ATLANTA -- Bernardo Soto, 11, is back in class after suffering sudden cardiac arrest in a school hallway.
His assistant principal at Chestnut Log Middle School in Douglas County helped save his life with quick thinking, good training and the right equipment.
“This was a divine moment and divine timing,”said Assistant Principal Greg Williams. “I feel great every time I see him. It was a meant-to-be moment.”
Soto, a sixth-grader, had no idea his heart was in trouble until he collapsed on September 26 on his way to first period.
“Do you remember waking up and feeling funny that day?” 11Alive’s Jennifer Leslie asked Soto.
“Yes,” he replied.
It turned out he was suffering from sudden cardiac arrest, which is usually deadly.
“I had not doubt we were gonna get Bernardo through this,” Williams said. “No doubt.”
Williams rushed to Soto’s side when he found out he was in trouble.
“When we rolled him over, he took his last breath,” Williams said.
Williams immediately began CPR and called for the school's automated external defibrillator -- commonly called an A.E.D. With the help of four of the school's coaches -- Merrick Sims, Brad Jackson, Tim Mantooth and Clarence Green -- Williams got Soto hooked up to the A.E.D., which said Soto required a shock to get his heart back in action.
“As soon as the shock wave went off, he started gasping for another breath,” Williams said. “And I was able to find a pulse coming.”
Williams knew what to do in part because of a program called Project S.A.V.E., which is run by Children’s Healthcare of Atlanta.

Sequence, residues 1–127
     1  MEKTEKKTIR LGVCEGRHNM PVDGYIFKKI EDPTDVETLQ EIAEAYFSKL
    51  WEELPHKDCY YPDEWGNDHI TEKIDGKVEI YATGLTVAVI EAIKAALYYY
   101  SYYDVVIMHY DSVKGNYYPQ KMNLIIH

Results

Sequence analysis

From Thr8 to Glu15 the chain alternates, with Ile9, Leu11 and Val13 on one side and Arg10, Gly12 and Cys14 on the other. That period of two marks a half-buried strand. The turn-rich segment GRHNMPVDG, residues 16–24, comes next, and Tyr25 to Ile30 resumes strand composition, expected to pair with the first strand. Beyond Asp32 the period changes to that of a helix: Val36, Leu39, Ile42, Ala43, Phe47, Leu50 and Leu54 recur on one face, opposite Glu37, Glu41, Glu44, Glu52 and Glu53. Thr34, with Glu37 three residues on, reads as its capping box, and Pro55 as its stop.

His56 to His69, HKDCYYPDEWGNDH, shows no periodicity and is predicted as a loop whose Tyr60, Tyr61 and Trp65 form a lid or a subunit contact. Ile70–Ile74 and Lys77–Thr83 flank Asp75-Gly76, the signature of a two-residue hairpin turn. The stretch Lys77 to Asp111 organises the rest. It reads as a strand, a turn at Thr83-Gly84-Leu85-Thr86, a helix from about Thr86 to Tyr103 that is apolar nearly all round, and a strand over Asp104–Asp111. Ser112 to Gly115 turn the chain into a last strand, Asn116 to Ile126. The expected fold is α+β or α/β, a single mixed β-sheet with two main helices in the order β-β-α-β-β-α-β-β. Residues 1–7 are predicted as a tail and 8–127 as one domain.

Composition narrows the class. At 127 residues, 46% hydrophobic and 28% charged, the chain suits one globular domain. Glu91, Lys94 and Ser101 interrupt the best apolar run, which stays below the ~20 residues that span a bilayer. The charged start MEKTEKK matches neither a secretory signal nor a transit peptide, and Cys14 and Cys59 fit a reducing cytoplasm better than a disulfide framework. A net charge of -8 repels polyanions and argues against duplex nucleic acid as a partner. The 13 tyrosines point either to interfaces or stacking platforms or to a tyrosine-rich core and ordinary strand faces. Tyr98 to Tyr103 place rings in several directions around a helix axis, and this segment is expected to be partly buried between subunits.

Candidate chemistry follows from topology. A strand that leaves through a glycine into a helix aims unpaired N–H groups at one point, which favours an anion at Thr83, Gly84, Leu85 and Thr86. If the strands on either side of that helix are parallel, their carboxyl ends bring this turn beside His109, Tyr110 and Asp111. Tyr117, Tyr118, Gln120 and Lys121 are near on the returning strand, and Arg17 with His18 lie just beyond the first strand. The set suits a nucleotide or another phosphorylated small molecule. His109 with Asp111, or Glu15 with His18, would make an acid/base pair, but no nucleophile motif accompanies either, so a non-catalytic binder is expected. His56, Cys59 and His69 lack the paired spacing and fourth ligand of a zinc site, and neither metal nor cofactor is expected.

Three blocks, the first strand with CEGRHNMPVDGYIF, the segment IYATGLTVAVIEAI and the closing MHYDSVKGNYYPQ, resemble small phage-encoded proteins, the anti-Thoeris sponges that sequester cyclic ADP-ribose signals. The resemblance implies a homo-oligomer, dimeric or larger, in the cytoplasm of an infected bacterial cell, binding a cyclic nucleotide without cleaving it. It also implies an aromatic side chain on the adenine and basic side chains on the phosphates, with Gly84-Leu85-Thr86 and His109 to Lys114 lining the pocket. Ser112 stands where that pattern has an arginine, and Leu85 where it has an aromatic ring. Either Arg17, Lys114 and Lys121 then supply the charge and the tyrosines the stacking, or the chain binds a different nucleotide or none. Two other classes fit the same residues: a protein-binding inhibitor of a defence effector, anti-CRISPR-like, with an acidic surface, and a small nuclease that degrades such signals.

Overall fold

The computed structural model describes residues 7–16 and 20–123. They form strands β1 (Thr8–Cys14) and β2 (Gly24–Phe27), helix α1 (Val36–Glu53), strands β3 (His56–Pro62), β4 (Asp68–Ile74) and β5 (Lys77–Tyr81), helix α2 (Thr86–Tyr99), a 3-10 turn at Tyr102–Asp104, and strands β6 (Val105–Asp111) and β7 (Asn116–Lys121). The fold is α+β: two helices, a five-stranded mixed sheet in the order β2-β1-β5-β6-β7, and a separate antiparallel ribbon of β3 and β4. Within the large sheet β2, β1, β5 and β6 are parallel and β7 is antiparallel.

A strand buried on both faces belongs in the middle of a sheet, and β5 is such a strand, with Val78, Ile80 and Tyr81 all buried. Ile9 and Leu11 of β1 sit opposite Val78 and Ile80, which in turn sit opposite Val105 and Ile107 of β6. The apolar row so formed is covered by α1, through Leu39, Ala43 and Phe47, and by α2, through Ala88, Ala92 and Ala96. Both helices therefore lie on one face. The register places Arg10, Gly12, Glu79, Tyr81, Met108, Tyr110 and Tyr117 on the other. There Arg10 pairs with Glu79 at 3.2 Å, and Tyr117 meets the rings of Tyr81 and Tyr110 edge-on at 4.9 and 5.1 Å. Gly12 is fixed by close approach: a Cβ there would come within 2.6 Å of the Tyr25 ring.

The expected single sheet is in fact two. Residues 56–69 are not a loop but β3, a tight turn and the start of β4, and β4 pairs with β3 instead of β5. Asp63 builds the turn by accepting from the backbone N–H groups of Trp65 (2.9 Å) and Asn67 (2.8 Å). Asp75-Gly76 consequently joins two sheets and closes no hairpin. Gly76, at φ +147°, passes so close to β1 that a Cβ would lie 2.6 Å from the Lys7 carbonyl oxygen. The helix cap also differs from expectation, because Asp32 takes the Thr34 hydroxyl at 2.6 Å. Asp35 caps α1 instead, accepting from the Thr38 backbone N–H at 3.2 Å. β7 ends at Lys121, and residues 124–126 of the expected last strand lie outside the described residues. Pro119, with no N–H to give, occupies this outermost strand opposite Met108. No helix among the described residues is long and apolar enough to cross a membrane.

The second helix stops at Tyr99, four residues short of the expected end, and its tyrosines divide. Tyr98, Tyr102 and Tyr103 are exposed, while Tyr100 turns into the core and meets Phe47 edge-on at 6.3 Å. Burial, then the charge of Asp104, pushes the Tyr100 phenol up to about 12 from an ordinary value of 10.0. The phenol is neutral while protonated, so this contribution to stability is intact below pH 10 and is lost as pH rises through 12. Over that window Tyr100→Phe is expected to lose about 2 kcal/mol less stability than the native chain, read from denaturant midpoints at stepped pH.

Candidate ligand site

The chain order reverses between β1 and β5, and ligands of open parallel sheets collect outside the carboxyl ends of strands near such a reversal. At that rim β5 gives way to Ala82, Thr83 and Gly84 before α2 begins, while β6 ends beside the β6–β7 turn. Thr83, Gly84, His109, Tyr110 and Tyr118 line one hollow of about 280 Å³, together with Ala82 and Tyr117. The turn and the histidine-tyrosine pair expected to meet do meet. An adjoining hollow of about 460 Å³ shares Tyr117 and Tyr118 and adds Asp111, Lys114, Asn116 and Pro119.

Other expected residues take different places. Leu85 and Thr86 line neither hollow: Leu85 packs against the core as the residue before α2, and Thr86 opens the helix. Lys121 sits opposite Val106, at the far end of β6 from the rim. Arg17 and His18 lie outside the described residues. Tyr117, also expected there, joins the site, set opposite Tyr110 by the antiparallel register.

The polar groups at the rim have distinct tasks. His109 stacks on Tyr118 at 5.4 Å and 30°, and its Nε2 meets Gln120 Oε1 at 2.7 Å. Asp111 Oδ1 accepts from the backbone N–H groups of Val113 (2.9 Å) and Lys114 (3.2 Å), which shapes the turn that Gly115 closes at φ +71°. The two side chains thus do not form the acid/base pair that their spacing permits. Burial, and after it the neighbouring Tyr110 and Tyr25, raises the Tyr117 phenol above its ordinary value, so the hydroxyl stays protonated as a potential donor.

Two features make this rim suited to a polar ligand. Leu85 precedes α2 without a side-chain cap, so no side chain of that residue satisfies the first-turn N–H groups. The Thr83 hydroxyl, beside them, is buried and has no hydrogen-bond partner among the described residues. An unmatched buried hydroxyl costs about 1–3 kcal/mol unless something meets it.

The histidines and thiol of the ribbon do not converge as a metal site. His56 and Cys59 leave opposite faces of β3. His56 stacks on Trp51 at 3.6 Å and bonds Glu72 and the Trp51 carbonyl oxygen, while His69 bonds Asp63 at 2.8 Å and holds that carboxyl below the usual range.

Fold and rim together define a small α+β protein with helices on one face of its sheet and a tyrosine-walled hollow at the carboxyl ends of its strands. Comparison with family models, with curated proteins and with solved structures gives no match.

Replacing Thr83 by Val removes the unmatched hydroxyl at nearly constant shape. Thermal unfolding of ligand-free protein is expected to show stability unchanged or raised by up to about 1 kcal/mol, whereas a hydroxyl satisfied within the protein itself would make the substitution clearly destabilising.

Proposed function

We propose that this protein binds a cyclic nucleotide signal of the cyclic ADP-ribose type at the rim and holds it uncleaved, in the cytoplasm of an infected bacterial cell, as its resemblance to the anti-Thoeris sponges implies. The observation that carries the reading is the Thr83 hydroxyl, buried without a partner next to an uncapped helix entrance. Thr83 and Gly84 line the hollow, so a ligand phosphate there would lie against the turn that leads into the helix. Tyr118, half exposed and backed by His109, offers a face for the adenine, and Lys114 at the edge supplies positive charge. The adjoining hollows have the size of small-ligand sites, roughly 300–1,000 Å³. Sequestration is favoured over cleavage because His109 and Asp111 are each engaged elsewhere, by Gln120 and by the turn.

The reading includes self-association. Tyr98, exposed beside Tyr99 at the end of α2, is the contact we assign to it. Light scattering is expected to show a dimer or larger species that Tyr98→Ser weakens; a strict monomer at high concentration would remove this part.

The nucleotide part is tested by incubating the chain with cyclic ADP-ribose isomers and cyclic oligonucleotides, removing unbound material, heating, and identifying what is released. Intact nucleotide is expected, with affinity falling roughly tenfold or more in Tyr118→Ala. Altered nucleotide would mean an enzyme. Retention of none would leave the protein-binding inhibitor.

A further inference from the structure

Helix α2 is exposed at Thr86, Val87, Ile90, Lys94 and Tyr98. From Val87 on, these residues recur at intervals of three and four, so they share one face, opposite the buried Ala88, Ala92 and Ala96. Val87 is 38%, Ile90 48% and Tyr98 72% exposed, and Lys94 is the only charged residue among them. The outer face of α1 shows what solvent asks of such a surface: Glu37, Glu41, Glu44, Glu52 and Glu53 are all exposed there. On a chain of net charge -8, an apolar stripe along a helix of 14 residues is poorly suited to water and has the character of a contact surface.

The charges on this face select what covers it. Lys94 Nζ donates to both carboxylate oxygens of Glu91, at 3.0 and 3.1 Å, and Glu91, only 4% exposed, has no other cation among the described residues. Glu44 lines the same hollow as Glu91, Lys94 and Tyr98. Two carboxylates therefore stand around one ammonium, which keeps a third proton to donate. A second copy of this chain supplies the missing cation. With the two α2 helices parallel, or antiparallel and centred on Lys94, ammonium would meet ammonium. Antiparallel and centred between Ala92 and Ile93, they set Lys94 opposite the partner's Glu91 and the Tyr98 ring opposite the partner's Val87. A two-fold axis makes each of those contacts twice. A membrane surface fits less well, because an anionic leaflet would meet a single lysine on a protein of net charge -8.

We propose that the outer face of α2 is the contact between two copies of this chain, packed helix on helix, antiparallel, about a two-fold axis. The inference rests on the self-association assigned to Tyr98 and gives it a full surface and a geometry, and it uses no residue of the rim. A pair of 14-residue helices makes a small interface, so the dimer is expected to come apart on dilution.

“The problem with sudden cardiac arrest is that you have only three to five minutes,” said Alison Ellison, project coordinator.
Ellison said the goal is to get A.E.D. devices in every school in Georgia, with administrators and staff trained to handle emergencies.
“It means they have everything in place to have the best chance of saving a life,”Allison said.
Soto is the first student saved since Project S.A.V.E. (Sudden cardiac death, Awareness, Vision for prevention, Education) started four years ago.
When asked about Mr. Williams” actions, Soto said, “I feel happy that he did that for me.”
At Children's Sibley Heart Center, Soto was diagnosed with hypertrophic cardiomyopathy (HCM). He now has a defibrillator implanted in his body, and his prognosis is very good.
On the same day that Bernardo collapsed, another student at a private school in Troup county also suffered sudden cardiac arrest.
Jenna Brown, a 14-year-old student at LaFayette Christian School, collapsed at the Homecoming pep rally. A bystander immediately began CPR while a student called 9-1-1.
The CPR efforts saved Brown’s life. Brown had previously been treated for Ebstein's Anomaly, a heart defect. She has also undergone defibrillator placement, as well as replacement of one of her heart valves. She was recently discharged from Children's Sibley Heart Center.